England keeper Pope dreamed of emulating Richard Wright at Ipswich... but his release has proved a blessing
- Credit: PA
Being released by his beloved Ipswich Town as a 16-year-old has turned out to be the best thing that could have happened to new England goalkeeper Nick Pope
As a boyhood Blues fan and a Portman Road season ticket holder, the now 25-year-old had dreamed of emulating hero Richard Wright, but had those aspirations dashed in 2008 when he was called in and told he had not made the grade and was being cut loose.
It was a devastating blow but far from a fatal one, as Pope rebuilt his career in non-league football before rising up the pyramid and taking his place in the England squad for upcoming games against Holland and Italy.
The Burnley goalkeeper could make his international bow in Amsterdam tomorrow night and has a genuine shot at securing a place at this summer’s World Cup but, flash back eight years, such prospects seemed unthinkable.
“I was with Ipswich from the age of 10, in the same age group as Luke Hyam and a year ahead of Connor Wickham,” Pope said.
“Richard Wright was a hero and one of the first goalkeepers I watched when I got a season ticket. Ipswich were the team I supported so to be told that you weren’t wanted and not good enough to be there is, for a 16-year-old, the biggest disappointment of your life.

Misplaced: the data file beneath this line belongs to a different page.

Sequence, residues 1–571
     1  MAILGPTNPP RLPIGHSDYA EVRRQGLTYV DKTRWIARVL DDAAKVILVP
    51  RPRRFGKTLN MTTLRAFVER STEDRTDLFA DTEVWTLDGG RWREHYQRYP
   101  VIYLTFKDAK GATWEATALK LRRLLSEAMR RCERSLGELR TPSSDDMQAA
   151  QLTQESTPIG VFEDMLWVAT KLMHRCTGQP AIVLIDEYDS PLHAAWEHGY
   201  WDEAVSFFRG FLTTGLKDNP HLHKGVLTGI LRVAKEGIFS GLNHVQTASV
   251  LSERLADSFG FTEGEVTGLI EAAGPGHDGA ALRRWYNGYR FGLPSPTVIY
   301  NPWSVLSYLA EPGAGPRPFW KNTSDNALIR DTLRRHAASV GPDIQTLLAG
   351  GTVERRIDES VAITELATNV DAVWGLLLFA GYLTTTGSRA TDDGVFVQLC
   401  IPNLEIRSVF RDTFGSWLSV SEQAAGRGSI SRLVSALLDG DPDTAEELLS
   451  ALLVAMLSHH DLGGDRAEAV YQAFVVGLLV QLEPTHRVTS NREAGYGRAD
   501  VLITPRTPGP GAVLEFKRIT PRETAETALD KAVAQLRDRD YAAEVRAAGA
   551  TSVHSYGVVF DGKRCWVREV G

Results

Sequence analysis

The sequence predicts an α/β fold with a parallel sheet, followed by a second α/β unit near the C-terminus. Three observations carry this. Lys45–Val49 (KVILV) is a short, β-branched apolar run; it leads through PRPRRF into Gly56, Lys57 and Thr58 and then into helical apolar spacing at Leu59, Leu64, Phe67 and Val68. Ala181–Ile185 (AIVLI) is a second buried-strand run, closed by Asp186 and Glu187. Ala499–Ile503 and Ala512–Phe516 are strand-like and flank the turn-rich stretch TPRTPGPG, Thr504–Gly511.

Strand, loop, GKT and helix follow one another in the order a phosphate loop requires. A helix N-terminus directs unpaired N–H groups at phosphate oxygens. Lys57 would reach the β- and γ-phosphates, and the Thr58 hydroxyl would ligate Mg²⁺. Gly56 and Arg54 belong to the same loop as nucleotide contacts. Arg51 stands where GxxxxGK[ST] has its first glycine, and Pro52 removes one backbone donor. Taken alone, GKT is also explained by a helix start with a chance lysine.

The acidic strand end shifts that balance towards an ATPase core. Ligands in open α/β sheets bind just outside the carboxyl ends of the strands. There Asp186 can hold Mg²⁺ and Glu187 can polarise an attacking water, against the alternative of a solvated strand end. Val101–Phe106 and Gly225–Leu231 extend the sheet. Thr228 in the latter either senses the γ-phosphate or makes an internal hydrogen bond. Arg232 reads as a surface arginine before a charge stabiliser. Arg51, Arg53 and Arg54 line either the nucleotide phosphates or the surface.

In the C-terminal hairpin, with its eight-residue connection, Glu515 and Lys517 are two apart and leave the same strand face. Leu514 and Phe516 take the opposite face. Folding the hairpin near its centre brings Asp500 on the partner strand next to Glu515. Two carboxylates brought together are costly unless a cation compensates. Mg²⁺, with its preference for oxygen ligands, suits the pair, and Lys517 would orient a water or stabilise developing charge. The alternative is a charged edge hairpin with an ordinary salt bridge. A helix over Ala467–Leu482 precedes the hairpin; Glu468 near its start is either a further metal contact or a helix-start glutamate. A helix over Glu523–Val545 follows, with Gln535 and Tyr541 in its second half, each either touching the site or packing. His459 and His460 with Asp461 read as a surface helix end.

“That’s a lot to take after committing your life to training and playing games. To be told it’s over was very, very disappointing so it was a definite low point for me.
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“I wasn’t good enough, really, and I would probably agree with them because I wasn’t good enough at that time to earn a scholarship. You had to be one of the better players in the team and pulling your weight. I wasn’t really, so it was justified, and now it’s turned out to be the best thing that’s ever happened to me and I have no regrets at all.
“You have to look forward after that and the best thing to do is move on and find a new path.”
That new path took Pope to West Suffolk College and a link up with non-league side Bury Town, where he ultimately earned a move to League One Charlton.
From there he earned a move to the Premier League with Burnley last summer, where an injury to Tom Heaton gave Pope his first top-tier chance in a career that could reach new heights this evening.
POPE’S JOURNEY FROM IPSWICH TO ENGLAND... VIA WORKING AS A MILKMAN AND PLAYING FOR BURY TOWN
Making his England debut and earning a place at the World Cup was a long way from Nick Pope’s mind as the teenager hauled himself out of bed for his 4am milk rounds in Soham.
Having been released by Ipswich Town at 16, the young goalkeeper had started a business marketing course at West Suffolk College in 2008 and, like so many teenagers, took on part-time work to fund an independent lifestyle.
For Pope that meant jumping onto an electric milk float in the early hours and also working in retail, at Next, with football taking a back seat following the disappointment of being let go by his boyhood club.
He certainly wasn’t thinking about turning out for his country and potentially going to a World Cup, but that is exactly the position the 25-year-old Burnley goalkeeper finds himself in now.
His remarkable rise makes him the poster boy for not giving up on your dreams given, following his release from Ipswich, the next stop on his football journey was with Bury Town reserves (Team Bury) and games in the Essex and Suffolk Border League.